Vaccines and medicines for the world's poorestBMJ 2000; 321 doi: https://doi.org/10.1136/bmj.321.7264.834 (Published 30 September 2000) Cite this as: BMJ 2000;321:834
Quality of vaccines and medicines must be monitored
- Subhash C Arya, research physician (email@example.com)
- Centre for Logistical Research and Innovation, M-122 (of part 2), Greater Kailash-II, New Delhi-110048, India
- Cumbernauld, Glasgow G67 2BZ
EDITOR—Smith points to increasing international awareness about inadequate supplies of vaccines and drugs in tropical countries.1 Future private-public partnerships for better supply of vaccines and medicines for the world's poorest countries with “push” and “pull” mechanisms and financial allocation of billions of dollars by the American Congress would indeed imply adequate funds for researchers and others. Nevertheless, even that exorbitant fiscal input would provide little relief to many people living in tropical countries. Funds should be spared to monitor the quality of vaccines, drugs, and diagnostics in such countries.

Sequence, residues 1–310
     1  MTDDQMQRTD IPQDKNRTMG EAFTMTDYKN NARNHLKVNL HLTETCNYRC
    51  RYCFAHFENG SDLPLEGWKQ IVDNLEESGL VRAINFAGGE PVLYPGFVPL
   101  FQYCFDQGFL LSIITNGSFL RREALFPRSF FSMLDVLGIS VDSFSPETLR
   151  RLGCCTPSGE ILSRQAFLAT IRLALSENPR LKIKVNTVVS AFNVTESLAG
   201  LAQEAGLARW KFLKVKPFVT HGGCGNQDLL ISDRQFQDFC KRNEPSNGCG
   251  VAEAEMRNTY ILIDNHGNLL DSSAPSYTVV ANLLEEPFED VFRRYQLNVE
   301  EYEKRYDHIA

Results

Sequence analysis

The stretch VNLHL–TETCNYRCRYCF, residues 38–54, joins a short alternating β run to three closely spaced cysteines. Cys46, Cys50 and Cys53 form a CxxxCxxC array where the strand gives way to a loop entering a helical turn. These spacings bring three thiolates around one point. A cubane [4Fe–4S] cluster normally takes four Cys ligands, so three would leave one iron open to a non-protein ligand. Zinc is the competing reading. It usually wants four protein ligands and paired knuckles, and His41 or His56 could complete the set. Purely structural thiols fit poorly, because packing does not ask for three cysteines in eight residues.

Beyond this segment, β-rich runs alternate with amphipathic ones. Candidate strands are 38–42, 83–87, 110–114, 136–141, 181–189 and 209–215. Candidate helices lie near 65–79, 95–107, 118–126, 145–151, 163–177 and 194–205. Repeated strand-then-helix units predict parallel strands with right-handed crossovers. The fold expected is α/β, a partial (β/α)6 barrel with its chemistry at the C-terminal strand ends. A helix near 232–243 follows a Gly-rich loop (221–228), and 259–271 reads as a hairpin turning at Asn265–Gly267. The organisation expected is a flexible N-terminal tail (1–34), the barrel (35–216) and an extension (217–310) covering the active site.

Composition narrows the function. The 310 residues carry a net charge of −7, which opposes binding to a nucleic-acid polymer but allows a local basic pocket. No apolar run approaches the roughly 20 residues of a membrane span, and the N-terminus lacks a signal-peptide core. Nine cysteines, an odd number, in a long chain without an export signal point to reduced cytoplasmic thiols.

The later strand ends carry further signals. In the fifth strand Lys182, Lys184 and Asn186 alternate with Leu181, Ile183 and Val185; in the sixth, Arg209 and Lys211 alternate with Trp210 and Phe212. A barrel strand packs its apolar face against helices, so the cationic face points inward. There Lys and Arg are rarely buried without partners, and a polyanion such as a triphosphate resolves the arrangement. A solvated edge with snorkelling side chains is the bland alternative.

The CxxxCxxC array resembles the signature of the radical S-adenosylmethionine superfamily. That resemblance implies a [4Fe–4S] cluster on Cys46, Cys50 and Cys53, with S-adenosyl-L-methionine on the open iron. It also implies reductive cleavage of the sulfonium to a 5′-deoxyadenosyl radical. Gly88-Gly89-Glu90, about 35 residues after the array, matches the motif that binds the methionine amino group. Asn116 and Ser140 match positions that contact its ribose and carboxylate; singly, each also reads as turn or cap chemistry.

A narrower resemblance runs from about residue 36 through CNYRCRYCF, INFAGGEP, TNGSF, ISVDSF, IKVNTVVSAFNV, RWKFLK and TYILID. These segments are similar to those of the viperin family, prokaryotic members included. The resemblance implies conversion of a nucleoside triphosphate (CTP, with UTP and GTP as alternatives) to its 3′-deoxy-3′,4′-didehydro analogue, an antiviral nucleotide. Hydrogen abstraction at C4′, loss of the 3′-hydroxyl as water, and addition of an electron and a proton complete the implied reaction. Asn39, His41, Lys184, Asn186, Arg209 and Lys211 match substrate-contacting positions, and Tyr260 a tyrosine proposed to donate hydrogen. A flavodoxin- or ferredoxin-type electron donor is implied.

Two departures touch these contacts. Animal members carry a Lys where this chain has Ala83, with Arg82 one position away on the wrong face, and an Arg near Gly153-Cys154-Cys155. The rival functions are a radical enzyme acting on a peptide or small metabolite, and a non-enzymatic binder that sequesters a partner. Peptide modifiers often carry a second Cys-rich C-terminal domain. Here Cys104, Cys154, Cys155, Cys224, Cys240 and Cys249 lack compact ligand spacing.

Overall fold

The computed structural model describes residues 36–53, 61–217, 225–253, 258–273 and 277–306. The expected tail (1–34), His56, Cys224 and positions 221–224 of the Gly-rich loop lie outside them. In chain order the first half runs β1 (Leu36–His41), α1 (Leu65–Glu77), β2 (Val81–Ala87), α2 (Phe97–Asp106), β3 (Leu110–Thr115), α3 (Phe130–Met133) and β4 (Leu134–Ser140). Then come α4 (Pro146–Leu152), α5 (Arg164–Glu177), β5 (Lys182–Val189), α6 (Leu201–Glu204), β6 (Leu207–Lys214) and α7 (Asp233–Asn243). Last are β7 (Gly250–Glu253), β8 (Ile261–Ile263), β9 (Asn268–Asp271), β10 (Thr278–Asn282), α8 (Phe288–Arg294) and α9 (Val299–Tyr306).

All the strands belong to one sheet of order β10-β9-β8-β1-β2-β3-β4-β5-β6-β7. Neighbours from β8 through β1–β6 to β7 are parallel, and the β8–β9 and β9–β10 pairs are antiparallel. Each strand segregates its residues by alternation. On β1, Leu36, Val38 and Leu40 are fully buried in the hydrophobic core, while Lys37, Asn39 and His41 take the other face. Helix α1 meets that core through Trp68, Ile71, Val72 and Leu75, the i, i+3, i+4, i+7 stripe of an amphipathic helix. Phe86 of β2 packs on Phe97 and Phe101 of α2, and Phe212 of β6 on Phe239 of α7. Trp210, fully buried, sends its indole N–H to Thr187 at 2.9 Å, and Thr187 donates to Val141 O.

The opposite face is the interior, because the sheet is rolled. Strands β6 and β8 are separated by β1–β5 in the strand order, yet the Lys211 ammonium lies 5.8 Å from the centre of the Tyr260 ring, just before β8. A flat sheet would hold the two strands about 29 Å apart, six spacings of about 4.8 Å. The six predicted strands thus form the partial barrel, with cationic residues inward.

There have been frequent reports of the poor quality of vaccines, drugs, and diagnostics in Asia, Africa, and Latin America. In Kelantan, a state in northwestern Malaysia, the contents of 14 of 33 phials of live poliovirus vaccine did not meet the criteria of a potent vaccine.2 Assay of active ingredients of tetracycline, co-trimoxazole, ampicillin-clavulanate, and chloroquine being offered to patients in Nigeria and …
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